Difference between revisions of "2021 AIME II Problems/Problem 15"
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Write <math>7f(n)=4g(n)</math>, which simplifies to <math>3k^2+k-10=3n</math>. Notice that we want the <math>LHS</math> expression to be divisible by 3; as a result, <math>k \equiv 1 \pmod{3}</math>. We also want n to be strictly greater than <math>k^2</math>, so <math>k-10>0, k>10</math>. The LHS expression is always even (why?), so to ensure that k and n share the same parity, k should be even. Then the least k that satisfies these requirements is <math>k=16</math>, giving <math>n=258</math>. | Write <math>7f(n)=4g(n)</math>, which simplifies to <math>3k^2+k-10=3n</math>. Notice that we want the <math>LHS</math> expression to be divisible by 3; as a result, <math>k \equiv 1 \pmod{3}</math>. We also want n to be strictly greater than <math>k^2</math>, so <math>k-10>0, k>10</math>. The LHS expression is always even (why?), so to ensure that k and n share the same parity, k should be even. Then the least k that satisfies these requirements is <math>k=16</math>, giving <math>n=258</math>. | ||
− | Indeed, <math> | + | Indeed - if we check our answer, it works. Therefore, the answer is <math>\boxed{258}</math> |
-Ross Gao | -Ross Gao |
Revision as of 17:10, 22 March 2021
Problem
Let and be functions satisfying and for positive integers . Find the least positive integer such that .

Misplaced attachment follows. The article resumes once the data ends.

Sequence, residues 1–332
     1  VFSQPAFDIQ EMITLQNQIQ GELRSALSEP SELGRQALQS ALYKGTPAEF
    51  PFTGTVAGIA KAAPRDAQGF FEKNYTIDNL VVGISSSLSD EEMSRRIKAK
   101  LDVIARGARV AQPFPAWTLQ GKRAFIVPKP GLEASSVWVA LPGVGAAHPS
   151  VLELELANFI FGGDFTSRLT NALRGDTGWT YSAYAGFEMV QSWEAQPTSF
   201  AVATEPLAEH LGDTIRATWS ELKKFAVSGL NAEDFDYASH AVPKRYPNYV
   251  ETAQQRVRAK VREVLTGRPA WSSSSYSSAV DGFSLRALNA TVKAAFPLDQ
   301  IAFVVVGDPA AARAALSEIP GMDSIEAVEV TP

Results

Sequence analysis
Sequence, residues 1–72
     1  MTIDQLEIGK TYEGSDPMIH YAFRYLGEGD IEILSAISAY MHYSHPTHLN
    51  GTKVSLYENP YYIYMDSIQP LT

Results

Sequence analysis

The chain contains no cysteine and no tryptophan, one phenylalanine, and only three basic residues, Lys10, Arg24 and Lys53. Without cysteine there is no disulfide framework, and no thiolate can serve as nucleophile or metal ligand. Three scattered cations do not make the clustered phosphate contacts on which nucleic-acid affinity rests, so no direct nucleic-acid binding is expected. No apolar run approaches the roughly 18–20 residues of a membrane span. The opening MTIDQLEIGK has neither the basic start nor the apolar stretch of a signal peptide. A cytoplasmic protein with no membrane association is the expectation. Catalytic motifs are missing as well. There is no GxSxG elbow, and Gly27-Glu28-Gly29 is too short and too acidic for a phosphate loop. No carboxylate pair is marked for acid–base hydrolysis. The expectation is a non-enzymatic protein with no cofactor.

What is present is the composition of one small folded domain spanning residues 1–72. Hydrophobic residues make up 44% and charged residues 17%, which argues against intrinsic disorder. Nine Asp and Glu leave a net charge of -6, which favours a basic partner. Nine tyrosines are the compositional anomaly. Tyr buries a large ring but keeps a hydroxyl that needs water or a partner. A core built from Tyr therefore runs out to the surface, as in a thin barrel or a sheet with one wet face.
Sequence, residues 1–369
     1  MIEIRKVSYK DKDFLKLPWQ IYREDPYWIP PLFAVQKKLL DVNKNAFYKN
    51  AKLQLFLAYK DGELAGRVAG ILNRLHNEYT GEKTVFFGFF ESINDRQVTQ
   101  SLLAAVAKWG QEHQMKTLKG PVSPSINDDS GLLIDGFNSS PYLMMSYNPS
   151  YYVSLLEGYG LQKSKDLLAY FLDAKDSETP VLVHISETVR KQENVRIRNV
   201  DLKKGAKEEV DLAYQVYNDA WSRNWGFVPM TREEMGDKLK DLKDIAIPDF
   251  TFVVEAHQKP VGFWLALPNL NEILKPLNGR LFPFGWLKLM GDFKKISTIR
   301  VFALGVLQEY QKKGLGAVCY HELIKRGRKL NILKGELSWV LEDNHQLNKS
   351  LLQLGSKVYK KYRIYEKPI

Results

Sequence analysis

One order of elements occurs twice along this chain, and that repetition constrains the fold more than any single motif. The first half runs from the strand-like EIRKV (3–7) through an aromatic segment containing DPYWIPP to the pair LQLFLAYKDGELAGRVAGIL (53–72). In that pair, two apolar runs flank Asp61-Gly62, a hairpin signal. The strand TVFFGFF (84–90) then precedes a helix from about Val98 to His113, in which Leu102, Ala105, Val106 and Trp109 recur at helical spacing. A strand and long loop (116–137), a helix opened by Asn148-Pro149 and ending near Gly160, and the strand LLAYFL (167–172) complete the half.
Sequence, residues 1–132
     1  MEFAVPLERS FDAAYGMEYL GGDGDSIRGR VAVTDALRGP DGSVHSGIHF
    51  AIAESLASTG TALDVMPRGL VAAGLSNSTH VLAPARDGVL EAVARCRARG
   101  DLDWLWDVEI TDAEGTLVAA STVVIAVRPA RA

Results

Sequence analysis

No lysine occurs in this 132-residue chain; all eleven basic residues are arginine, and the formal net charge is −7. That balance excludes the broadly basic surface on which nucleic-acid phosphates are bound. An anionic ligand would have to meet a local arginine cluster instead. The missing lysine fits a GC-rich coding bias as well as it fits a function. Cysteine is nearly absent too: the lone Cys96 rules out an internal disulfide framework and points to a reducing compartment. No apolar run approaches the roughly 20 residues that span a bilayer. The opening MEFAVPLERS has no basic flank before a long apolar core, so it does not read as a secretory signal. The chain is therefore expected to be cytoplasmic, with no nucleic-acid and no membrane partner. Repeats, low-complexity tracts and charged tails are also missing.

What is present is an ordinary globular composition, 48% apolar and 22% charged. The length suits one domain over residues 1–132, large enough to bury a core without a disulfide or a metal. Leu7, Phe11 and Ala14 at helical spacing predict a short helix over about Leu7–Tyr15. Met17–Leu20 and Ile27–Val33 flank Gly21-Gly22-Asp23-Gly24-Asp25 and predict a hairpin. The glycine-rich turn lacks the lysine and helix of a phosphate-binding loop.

Solution
Consider what happens when we try to calculate where n is not a square. If for (positive) integer k, recursively calculating the value of the function gives us . Note that this formula also returns the correct value when , but not when . Thus for .
If , returns the same value as . This is because the recursion once again stops at . We seek a case in which , so obviously this is not what we want. We want to have a different parity, or have the same parity. When this is the case, instead returns .
Write , which simplifies to . Notice that we want the expression to be divisible by 3; as a result, . We also want n to be strictly greater than , so . The LHS expression is always even (why?), so to ensure that k and n share the same parity, k should be even. Then the least k that satisfies these requirements is , giving .
Indeed - if we check our answer, it works. Therefore, the answer is
-Ross Gao
See also
2021 AIME II (Problems • Answer Key • Resources) | ||
Preceded by Problem 14 |
Followed by Last Question | |
1 • 2 • 3 • 4 • 5 • 6 • 7 • 8 • 9 • 10 • 11 • 12 • 13 • 14 • 15 | ||
All AIME Problems and Solutions |
The problems on this page are copyrighted by the Mathematical Association of America's American Mathematics Competitions.